By Jen Chan
Q: What do you do with Business Cards?
A: Write down key details of your conversation on the back of each business card and keep it somewhere you can easily find
Inevitably, after a flurry of greetings and small talk, an unrefusable gift will appear: The Business Card.
These small rectangular tokens have a deeply rooted history. In the 17th century, European merchants distributed miniature card advertisements to potential customers. Now, the tradition has developed a personalized flair. One of the founders of Facebook, Mark Zuckerberg, briefly handed out a business card that stated “I’m CEO, bitch.” (The Economist reports that since then, his card has assumed a more traditional approach to stating his title)
Regardless of how these cards look or where they come from, there is one key question that people fail to answer: What on earth do you do with them?
Step 1: Write down key details on the back of each business card
After each interaction, write down as many details of the conversation as possible on the back of each business card. Does the person in question have children? How many? Where did you meet them? These comments should be purely factual and free from opinion (i.e. avoid phrases like “seems like a nice person”). This will keep the person’s contact information and key details in one place. Afterwards, stow the business card away.
This advice has been given to me by countless mentors, career coaches, and friends. It has helped me to remember who my interviewers were upon starting my job full time and enabled me to keep in touch with people from various professions. By using this trick, I was able to send a well-thought follow-up email to a guest speaker in my class. Later, that email led to a job offer from his firm, even though I missed the entire formal job interview process.
Ultimately, this small exercise helps to solidify facts each person in their mind; this is an important exercise considering that you never know who you may serendipitously encounter. Once I happened to meet the Comptroller of the State of Illinois in a Chicago subway station. On another occasion, I found out that my Uber driver was one of my firm’s clients. Evidentially, he was doing Uber part time on the side to help pay student loans from his MBA and Law School program. After each chance encounter, I added their business cards to my collection.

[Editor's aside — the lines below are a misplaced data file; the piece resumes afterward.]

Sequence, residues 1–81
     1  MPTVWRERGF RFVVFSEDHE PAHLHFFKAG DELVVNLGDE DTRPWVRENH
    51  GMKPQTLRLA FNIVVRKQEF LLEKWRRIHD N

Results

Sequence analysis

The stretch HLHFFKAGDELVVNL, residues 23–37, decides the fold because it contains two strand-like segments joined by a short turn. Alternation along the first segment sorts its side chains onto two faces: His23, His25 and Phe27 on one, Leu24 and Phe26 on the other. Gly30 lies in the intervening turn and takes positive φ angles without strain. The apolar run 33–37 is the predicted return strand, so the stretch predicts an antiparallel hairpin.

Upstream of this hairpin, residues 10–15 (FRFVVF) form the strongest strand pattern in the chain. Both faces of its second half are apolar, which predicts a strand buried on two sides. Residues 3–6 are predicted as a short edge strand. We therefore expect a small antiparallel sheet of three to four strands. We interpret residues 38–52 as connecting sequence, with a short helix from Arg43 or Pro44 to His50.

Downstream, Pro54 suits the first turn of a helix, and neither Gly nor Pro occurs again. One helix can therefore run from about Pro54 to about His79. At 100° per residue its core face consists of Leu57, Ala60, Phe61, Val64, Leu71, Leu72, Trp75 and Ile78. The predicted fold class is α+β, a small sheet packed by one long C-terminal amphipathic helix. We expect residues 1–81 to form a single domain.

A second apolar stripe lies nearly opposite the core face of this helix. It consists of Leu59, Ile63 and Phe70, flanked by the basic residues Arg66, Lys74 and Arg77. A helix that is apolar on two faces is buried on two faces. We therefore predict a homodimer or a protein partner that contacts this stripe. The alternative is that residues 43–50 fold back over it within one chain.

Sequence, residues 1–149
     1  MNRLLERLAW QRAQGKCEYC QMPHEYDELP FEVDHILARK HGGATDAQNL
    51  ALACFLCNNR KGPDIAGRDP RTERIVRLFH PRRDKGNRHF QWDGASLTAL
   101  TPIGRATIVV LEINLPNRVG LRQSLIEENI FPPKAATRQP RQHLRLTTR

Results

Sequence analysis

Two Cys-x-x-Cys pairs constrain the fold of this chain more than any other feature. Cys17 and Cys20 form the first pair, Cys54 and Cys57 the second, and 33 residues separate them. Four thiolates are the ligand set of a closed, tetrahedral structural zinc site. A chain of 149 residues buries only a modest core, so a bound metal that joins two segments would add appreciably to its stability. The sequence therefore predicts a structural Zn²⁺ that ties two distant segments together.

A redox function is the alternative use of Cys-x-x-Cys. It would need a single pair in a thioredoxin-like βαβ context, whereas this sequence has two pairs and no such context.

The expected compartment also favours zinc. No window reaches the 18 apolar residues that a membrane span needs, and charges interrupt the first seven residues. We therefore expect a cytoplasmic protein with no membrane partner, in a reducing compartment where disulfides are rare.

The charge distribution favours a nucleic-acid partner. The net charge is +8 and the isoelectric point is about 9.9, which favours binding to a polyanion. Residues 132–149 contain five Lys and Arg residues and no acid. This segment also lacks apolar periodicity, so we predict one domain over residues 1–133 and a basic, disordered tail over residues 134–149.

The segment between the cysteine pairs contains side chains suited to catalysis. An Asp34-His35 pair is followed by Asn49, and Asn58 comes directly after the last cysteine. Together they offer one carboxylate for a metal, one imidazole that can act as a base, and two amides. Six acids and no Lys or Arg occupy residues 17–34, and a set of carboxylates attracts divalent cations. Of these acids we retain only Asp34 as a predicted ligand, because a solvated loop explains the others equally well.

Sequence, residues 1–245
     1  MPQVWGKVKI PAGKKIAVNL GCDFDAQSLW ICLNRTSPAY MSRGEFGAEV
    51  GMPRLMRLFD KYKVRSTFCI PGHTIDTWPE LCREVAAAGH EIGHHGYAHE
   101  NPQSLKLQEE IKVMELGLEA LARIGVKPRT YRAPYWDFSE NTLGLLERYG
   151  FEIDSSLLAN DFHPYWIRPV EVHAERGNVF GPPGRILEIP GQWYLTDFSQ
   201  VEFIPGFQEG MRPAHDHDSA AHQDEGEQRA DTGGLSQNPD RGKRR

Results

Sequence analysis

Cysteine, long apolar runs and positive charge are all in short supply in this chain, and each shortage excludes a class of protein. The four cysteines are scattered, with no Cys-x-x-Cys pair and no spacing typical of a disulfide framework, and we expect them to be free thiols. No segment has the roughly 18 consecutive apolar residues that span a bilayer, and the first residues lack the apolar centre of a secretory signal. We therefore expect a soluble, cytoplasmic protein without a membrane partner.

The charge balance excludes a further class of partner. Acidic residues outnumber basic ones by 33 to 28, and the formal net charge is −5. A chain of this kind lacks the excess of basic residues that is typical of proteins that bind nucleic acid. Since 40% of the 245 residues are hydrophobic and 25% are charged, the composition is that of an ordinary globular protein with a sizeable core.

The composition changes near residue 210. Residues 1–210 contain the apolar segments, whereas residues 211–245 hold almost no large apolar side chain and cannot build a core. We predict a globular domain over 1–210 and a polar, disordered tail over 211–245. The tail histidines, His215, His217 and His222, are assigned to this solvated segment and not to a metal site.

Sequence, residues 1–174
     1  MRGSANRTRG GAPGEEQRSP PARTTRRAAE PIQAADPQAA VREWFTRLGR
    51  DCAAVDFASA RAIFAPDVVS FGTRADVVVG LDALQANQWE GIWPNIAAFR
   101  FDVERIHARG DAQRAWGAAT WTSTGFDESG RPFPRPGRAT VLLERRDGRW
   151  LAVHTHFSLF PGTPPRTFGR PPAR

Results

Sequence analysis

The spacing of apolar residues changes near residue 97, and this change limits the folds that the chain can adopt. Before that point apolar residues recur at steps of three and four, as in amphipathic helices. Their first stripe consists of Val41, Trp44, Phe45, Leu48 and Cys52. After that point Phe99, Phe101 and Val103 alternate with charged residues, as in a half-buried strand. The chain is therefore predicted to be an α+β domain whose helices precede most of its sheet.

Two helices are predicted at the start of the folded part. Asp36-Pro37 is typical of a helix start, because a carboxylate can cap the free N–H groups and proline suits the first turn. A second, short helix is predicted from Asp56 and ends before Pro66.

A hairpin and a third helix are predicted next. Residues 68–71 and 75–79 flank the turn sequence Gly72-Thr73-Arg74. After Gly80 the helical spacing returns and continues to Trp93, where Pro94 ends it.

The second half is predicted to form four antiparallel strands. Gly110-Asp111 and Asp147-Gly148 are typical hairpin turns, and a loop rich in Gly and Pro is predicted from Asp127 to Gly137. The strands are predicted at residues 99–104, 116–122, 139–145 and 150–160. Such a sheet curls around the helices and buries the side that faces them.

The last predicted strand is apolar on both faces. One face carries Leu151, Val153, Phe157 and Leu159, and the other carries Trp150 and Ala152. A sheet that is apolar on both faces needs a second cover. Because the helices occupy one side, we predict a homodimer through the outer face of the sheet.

This brings me to my next point point: Storing the business cards.
Step 2: Put the business cards in an easily accessible place
Over time, business cards tend to accumulate into massive disorderly heaps. The cards end up invading random crevices of desk space or get chucked into boxes to never be seen again. That is not very helpful.
Personally, I suggest using a business card holder booklet. These holders generally cost $10-$20 and some are able to store hundreds of cards. Ever since I started using this, I have not lost a single business card that I have been given. Additionally, when I have needed to look for contact information, I have been able to find it with ease.
Business cards are physical reminders of conversations with other people. Regardless of the brevity of interaction, a tiny piece of paper can jog memory of an interaction better than staring at an email
Do you have other tips and tricks relating to business cards? Leave a comment below.
 Ryder, Brett. “On the Cards.” The Economist, The Economist Newspaper, 12 Mar. 2015, http://www.economist.com/news/business/21646226-why-business-card-thriving-electronic-age-cards.